Message: “From Risk to Resilience: Forging Pathways and Milestones”

November 12, 2019

8th Top Leaders Forum

ARISE Philippines, SM Prime Holdings Inc., and

United Nations Office for Disaster Risk Reduction

SMX Convention Center, Pasay City

12 November 2019


Distinguished guests, private business sector leaders, colleagues in government, partners from the United Nations Office for Disaster Risk Reduction, civil society, ladies and gentlemen, good morning.


I am privileged to deliver my message at the 8th Top Leaders Forum, even as I carry out my role of representing the Philippines at the 24th Board Meeting of the Green Climate Fund here in Korea.


As rightly put by the 2019 Global Assessment Report, “climate change is a major driver and amplifier of disaster losses and failed development,” as it generates increasingly powerful storms, exacerbates coastal flooding due to sea level rise, and brings record-high temperatures and prolonged droughts.


The Philippines ranks fifth among countries most affected by climate change from 1998 to 2017 in the current year’s Global Climate Risk Index by the Germanwatch. In these two decades, the country lost an annual average of 0.5% of Gross Domestic Product (GDP) due to climate change impacts.


The latest climate science warns that we barely have 12 years left before the window of opportunity for achieving the 1.5°C long-term temperature goal of the Paris Agreement closes.


The 2019 GAR highlights that while risk reduction processes have multiple linkages with climate change mitigation, adaptation and vulnerability reduction, few disaster risk reduction plans take these into account.


In my strong belief that we must accelerate climate change adaptation, I accepted the invitation to be a Commissioner of the Global Commission on Adaptation (GCA). The GCA is jointly led by former UN Secretary-General Ban Ki-moon, Bill Gates, and Kristalina Georgieva, and aims to inspire governments, business leaders, and investors to adapt to the disruptive effects of climate change with urgency, determination, and foresight.


Last September 10, we launched the GCA Flagship Report developed over the course of several months. I have the distinct honor and privilege of sharing its findings at this forum.


The GCA flagship report, titled “Adapt Now: A Global Call for Leadership on Climate Resilience,” revealed that without adaptation, climate change may depress growth in global agriculture yields by up to 30 percent by 2050, affecting 500 million small farms around the world.


The number of people who may lack sufficient water, at least one month per year, will soar from 3.6 billion today to more than 5 billion by 2050.


Rising seas and greater storm surges could force hundreds of millions of people in coastal cities from their homes, with a total cost to coastal urban areas of more than one trillion US dollars each year by 2050.


Climate change could push more than 100 million people within developing countries below the poverty line by 2030.


But, the report found out that investing 1.8 trillion US dollars globally in five areas from 2020 to 2030 could generate 7.1 trillion US dollars in total net benefits.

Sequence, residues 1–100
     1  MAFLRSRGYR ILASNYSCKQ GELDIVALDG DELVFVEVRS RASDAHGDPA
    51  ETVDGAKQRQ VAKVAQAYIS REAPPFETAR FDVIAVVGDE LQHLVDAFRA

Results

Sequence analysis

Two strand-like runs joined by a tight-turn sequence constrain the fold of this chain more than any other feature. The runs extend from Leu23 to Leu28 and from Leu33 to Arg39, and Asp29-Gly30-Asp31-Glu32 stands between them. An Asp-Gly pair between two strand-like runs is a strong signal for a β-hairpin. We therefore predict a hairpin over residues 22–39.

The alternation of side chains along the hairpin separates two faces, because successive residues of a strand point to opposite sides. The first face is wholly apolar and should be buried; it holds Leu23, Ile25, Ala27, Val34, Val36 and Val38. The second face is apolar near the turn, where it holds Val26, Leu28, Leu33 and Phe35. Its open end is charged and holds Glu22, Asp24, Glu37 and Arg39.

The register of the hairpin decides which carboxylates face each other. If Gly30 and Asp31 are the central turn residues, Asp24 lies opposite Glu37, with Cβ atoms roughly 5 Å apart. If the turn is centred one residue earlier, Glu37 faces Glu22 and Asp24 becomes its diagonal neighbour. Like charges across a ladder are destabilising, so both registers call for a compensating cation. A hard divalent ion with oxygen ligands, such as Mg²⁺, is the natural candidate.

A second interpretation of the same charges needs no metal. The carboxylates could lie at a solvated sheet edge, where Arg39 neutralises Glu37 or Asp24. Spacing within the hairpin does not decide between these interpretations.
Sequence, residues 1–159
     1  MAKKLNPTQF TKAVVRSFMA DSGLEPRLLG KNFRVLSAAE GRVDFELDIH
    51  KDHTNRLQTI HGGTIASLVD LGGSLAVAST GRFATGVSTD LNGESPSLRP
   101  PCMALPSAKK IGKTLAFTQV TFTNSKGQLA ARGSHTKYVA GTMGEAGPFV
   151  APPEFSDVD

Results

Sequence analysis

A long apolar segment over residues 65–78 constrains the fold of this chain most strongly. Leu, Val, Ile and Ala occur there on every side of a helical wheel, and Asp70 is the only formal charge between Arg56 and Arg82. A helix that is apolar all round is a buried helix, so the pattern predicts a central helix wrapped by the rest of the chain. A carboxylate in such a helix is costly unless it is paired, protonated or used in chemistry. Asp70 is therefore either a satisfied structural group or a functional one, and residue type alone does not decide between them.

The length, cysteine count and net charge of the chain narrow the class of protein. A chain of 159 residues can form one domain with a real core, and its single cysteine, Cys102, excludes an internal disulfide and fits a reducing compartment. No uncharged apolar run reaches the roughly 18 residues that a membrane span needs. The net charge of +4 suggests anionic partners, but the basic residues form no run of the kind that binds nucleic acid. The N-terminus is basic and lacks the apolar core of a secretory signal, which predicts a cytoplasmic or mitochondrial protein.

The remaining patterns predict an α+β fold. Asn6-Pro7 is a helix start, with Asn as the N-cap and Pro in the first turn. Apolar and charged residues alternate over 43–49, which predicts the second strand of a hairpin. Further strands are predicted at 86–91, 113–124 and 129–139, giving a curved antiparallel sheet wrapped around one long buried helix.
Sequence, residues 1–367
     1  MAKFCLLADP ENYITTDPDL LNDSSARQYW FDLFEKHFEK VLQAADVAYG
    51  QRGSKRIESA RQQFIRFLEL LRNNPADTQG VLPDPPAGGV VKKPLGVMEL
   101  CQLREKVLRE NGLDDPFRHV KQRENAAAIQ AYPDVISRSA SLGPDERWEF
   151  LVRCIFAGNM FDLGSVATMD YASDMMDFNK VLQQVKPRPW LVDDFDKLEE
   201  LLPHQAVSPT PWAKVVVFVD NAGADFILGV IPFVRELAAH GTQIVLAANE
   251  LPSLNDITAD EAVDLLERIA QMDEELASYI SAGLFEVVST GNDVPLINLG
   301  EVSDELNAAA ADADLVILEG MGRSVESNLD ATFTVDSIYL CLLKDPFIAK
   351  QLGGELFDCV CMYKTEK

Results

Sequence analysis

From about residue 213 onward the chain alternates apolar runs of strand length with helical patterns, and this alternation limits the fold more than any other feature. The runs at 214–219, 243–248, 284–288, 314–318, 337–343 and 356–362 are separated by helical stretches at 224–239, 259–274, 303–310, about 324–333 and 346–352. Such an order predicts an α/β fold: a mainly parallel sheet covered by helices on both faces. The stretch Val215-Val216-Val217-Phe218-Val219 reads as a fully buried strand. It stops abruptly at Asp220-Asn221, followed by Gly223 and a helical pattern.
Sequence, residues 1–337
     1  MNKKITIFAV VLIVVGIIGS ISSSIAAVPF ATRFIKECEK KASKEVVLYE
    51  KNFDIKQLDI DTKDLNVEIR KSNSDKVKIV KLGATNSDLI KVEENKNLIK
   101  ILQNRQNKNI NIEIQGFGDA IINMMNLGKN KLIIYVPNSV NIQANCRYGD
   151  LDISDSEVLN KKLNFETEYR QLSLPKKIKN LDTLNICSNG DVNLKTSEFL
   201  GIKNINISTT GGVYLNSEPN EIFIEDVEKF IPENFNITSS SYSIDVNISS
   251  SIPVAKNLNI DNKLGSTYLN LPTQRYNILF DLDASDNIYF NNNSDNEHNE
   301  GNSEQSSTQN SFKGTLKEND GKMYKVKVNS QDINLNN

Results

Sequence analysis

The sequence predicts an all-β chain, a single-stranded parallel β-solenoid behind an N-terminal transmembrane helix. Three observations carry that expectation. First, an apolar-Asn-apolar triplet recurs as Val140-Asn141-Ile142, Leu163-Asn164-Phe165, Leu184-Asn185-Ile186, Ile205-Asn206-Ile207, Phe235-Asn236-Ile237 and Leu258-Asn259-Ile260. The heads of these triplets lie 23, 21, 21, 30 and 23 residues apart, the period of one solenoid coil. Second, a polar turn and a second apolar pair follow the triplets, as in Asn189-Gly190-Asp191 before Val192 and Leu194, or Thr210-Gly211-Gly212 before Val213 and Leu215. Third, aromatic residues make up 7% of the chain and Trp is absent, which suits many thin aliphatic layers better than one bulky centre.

The five areas considered for this estimate are early warning systems, climate-resilient infrastructure, improved dryland agriculture crop production, global mangrove protection, and investments in making water resources more resilient.


In other words, failing to seize the economic benefits of climate adaptation with high-return investments would undermine trillions of dollars in potential growth and prosperity.


In the Philippines, we have long pursued coordinated strategies on disaster risk reduction and climate change adaptation, including mainstreaming both in national, sectoral, and local development plans, through the Climate Change Act of 2009 and the Philippine Disaster Risk Reduction and Management Act of 2010.


The private sector, most notably led by ARISE Philippines and the National Resilience Council, has done an incredible work in helping create resilient societies through public-private partnerships. I take this opportunity to congratulate you on your milestones:


(1) in building the resilience of micro, small, and medium enterprises or MSMEs, which are the lifeblood of the Philippine economy; and,

(2) in implementing the Resilient Government Program.


I also note that NRC and its partners in the Ateneo, Manila Observatory and Zuellig Family Foundation have designed a prototype for a Resilient Barangay Bingo Scorecard with the City of Muntinlupa, which may be replicated in other cities and municipalities.


Indeed, we need all hands on deck as much work remains to be done.


We must address the gaps in local data and science on climate risks and hazards to inform local action. We must strengthen climate information services and multi-hazard early warning systems so that it is able to reach the furthest behind first.


We must continue to build capacities at all levels for risk science-based development planning and investment programming.


We must continue sourcing climate finance for DRR and CCA, such as improved water management, promotion of sustainable livelihoods, establishment of “early warning – early action” systems, formulation of evacuation and contingency plans, and resettlement of populations at risk.


We must move from project-based efforts towards a holistic programmatic approach to sustain initiatives for more long-term impacts.


We have no other choice now but to reduce the risks and adapt to a fast warming world fraught with danger.


We have no other choice now but to wean our economies from over dependence on coal and fossil fuels in the shortest time possible.


Let us unite for resilience — for despite the odds, we shall survive and thrive in this trying era of climate change.


Thank you very much.